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terrycsanders
Level 1

401K

When my daughter inherits my property, will my 401K's be taxed?  I am on social security and am not required to pay income taxes, how do I determine how much I can withdraw yearly without paying income taxes on my income?

2 Replies
johnd84
Employee Tax Expert

401K

Hi terrycsanders,

Thanks for your question. The benefit of a 401k is that the money is put in before taxes are taken out and grows tax deferred. So the taxes on the 401k are deferred until the time they are withdrawn. You will most likely have to pay income tax anytime a 401k amount is taken out. I hope this helps 🙂 

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KarenL4
Employee Tax Expert

401K

Hi!

 

Before jumping into your inheritance question, I wanted to address the social security taxes quickly.  Whether or not social security income is taxable depends upon how much your Modified Adjusted Gross Income (MAGI) is (for many people, that number is pretty close to their adjusted gross income which can be found on line 11 of your form 1040).  If the MAGI is greater than $25K for single filers and $32K for married filing jointly filers, some portion of social security becomes taxable. The taxable portion starts at 50% and increases to 85% (depending on that MAGI).  Here is a great article that outlines the subject well.  If you only have social security income, you probably don't need to file, but if you are taking distributions from that 401(k), you may need to.  Here is a helpful article on that subject.

 

Yes, likely your daughter will need to pay taxes on the 401(k) distributions. Assuming that the contributions were pre-tax, the IRS will want it's cut!  Here is an article that will explain in more depth.  There are rules about how how long she has to distribute the 401(k) balance. Those rules can be impacted both by the plan and by IRS regs.   While we don't endorse Forbes, this article may be useful.

As to how much you can withdraw without paying taxes, to achieve that goal, your combined income would need to be less than $25K if single and $32K if married filing separately. Here is how you figure your combined income per this SSA page:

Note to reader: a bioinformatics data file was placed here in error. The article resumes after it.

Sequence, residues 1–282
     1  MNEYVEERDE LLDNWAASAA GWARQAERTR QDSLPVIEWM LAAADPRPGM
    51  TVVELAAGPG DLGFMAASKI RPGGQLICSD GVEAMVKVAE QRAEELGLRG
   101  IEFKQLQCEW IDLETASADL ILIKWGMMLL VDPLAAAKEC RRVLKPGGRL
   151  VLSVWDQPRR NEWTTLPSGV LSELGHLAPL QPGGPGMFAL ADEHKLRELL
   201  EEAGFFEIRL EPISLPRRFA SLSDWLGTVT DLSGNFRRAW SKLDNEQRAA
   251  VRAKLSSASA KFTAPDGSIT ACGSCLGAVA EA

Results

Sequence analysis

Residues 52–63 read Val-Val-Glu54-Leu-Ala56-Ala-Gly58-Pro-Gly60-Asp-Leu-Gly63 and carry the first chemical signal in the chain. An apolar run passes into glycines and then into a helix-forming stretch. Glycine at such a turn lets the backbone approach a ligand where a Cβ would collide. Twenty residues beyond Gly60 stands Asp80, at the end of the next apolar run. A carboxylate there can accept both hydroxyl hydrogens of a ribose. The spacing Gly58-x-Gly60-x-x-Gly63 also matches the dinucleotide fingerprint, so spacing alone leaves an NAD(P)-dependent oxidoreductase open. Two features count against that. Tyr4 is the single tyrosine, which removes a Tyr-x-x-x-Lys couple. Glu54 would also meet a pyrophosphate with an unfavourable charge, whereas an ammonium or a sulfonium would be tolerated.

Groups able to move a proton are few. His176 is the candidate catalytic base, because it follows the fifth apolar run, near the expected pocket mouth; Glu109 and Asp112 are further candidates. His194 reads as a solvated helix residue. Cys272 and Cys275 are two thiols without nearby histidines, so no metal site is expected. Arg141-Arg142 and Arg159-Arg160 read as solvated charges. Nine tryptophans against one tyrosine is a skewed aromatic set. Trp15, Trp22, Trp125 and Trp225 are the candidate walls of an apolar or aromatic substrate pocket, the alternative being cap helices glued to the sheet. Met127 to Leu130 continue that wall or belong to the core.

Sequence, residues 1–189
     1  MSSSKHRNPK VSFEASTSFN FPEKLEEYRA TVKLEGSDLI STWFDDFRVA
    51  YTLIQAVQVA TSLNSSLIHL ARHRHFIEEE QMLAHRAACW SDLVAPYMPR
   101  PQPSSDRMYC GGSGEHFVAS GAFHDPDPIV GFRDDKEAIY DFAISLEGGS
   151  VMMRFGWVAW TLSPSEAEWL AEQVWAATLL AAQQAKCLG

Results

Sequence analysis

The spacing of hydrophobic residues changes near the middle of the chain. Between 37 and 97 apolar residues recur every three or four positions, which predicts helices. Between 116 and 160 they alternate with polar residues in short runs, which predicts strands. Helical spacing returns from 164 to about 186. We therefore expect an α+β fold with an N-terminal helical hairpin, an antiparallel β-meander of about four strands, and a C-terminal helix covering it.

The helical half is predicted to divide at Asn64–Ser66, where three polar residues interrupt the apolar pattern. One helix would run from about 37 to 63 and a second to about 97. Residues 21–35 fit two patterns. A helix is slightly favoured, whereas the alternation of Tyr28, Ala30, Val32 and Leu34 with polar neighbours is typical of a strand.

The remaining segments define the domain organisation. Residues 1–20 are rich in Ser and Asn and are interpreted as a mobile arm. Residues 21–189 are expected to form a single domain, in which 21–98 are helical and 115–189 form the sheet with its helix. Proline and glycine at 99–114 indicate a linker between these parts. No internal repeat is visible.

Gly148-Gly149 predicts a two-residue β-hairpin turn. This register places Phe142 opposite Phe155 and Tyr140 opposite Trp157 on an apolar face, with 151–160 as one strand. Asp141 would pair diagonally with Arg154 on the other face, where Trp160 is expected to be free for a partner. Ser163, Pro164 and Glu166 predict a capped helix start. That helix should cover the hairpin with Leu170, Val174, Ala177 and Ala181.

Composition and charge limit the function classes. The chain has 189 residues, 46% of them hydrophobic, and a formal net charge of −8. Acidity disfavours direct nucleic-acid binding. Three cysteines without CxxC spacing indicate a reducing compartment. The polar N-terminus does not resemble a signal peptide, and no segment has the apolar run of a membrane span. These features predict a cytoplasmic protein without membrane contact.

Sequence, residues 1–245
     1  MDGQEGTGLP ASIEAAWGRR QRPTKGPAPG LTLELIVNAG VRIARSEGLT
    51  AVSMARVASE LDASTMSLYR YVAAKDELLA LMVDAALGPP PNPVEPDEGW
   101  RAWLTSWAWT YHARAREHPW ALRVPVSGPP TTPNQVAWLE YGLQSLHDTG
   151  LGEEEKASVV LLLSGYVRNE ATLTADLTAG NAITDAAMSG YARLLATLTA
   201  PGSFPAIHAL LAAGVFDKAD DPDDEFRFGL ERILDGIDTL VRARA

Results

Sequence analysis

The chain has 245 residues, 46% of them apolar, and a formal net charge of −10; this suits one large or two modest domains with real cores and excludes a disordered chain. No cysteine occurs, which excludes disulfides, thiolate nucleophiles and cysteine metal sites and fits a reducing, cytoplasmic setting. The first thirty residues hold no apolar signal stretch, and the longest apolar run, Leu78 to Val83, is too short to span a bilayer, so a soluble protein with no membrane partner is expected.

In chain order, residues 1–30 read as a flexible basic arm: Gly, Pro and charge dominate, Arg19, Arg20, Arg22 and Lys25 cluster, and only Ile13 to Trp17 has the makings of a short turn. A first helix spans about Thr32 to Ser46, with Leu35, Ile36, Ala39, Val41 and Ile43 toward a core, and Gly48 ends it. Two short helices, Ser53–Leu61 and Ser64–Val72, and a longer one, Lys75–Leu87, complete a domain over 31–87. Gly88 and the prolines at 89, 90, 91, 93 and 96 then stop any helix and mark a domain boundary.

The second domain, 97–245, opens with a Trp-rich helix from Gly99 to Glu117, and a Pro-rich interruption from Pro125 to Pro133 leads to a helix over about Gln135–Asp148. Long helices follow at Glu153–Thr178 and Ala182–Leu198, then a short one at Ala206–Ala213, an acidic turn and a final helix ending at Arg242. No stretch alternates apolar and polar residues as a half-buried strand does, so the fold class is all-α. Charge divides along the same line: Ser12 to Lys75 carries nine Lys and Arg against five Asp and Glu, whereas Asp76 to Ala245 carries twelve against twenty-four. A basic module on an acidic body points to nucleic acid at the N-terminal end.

________________SSA Excerpt______________

You will pay tax on only up to 85 percent of your Social Security benefits, based on Internal Revenue Service (IRS) rules. If you:

  • file a federal tax return as an "individual" and your combined income* is
    • between $25,000 and $34,000, you may have to pay income tax on up to 50 percent of your benefits.
    • more than $34,000, up to 85 percent of your benefits may be taxable.
  • file a joint return, and you and your spouse have a combined income* that is
    • between $32,000 and $44,000, you may have to pay income tax on up to 50 percent of your benefits.
    • more than $44,000, up to 85 percent of your benefits may be taxable.

Here is how that combined income number is calculated:

Your adjusted gross income
+ Nontaxable interest
½ of your Social Security benefits
= Your "combined income"

________________END SSA Excerpt______________

 

As you probably guessed, lowering your overall taxes means considering what your 401K withdrawal does to your combined income.  As you may know, there are required minimum withdrawals once you reach a certain age (more about that here).  As to how much more than the required minimum withdrawal you want to withdraw, consider if the withdrawal will result in your being in the 0%, 50%, or 85% taxable social security bracket.  After that, consider what tax bracket your taxable income will be in (after adding in that now potentially taxable social security income).  The higher the tax bracket you end up in the more you will pay on every new dollar of income.

 

Hope that helps!  Thanks for the question!

 

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